Could Melatonin Be Helpful in Treating COVID-19? Here's What We Know

Karen Snyder Duke
·2 mins read

After being diagnosed with COVID-19 on Oct. 2, President Donald Trump received several treatments while under the care of medical staff at the White House, including an experimental antibody cocktail. He also received a regimen of over-the-counter medications and supplements, including zinc, vitamin D, aspirin, and melatonin. While melatonin is best known for helping to regulate sleep - something that can be difficult to come by when you're fighting off a virus that frequently causes a high fever - it may play a very different role in combatting COVID-19.

While COVID-19 is often thought of as a respiratory virus, scientists have argued that it should be treated as an acute inflammatory disease, in which the severity of the symptoms is determined by the body's ability to regulate its own immune response. One of the most dangerous outcomes is something doctors call a "cytokine storm," in which the immune system continues releasing proteins called cytokines. These signal immune cells to mount a response, long after the threat of the virus has been neutralized. Without a clear target, the immune cells attack healthy tissues, causing damage to the body's organs. In some cases, it can be fatal.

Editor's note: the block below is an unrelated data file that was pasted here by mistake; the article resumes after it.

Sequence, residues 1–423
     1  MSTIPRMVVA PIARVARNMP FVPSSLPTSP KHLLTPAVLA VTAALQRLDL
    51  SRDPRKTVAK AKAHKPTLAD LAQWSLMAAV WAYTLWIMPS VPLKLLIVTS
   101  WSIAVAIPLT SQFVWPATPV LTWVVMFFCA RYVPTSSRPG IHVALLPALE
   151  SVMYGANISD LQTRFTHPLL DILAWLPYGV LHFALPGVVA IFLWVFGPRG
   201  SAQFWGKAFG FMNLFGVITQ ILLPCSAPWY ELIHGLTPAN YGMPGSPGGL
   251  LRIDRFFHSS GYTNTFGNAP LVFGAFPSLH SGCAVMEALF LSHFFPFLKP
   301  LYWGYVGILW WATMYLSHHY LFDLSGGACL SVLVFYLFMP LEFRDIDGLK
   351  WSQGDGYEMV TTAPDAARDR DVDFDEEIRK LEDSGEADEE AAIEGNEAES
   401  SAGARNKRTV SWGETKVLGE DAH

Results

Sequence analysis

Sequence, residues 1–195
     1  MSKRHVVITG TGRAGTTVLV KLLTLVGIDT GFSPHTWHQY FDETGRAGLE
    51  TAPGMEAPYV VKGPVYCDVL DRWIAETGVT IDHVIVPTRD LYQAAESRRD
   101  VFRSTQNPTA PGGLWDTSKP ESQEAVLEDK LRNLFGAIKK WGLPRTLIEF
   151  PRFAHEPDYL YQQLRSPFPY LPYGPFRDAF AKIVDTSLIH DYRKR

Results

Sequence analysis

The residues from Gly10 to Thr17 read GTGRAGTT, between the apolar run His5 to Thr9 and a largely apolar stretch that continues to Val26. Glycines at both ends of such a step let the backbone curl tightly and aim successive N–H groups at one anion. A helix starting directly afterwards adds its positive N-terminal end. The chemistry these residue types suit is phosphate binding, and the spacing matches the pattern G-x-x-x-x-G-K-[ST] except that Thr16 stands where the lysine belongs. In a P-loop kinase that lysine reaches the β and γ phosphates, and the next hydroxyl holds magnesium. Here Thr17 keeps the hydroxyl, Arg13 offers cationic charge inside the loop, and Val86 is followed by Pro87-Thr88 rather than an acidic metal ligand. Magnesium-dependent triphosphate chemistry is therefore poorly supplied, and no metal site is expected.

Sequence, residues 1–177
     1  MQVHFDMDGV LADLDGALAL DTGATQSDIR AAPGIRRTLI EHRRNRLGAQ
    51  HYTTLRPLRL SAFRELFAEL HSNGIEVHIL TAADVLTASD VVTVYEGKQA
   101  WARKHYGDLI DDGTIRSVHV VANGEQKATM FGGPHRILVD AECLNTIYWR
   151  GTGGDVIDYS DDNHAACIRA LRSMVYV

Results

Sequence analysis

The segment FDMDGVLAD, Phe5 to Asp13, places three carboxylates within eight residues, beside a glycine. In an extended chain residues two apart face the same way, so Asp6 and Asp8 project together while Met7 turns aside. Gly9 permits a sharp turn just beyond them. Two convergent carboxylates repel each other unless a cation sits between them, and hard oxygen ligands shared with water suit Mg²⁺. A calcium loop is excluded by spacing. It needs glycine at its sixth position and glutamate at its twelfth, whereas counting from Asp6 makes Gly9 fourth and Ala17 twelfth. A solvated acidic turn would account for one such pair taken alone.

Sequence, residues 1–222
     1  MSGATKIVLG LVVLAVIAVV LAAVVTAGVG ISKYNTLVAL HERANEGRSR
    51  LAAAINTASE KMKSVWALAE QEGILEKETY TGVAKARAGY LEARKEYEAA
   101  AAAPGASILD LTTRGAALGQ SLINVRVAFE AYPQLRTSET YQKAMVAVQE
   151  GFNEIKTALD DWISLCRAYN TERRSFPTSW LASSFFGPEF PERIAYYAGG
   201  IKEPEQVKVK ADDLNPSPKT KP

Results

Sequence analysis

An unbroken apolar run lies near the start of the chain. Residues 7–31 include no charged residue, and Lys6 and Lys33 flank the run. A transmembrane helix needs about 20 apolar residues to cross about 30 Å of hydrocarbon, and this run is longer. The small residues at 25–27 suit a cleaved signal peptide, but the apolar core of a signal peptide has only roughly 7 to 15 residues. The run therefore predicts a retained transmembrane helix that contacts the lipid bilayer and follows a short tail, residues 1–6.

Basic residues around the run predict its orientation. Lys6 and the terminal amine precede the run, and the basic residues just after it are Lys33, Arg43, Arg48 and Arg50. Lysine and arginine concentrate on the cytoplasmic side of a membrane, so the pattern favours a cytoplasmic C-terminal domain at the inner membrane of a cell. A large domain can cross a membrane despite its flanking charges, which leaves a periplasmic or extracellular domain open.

There's some early evidence that melatonin may help regulate the immune system, by reducing the production of pro-inflammatory cytokines, among other mechanisms. However, there are still a lot of unanswered questions about what role the supplement might play in treating the virus, and how it should be taken in order for it to be both safe and effective. If you're infected with COVID-19, it's important to speak with a doctor before taking anything to help manage your symptoms.

POPSUGAR aims to give you the most accurate and up-to-date information about the coronavirus, but details and recommendations about this pandemic may have changed since publication. For the latest information on COVID-19, please check out resources from the WHO, CDC, and local public health departments.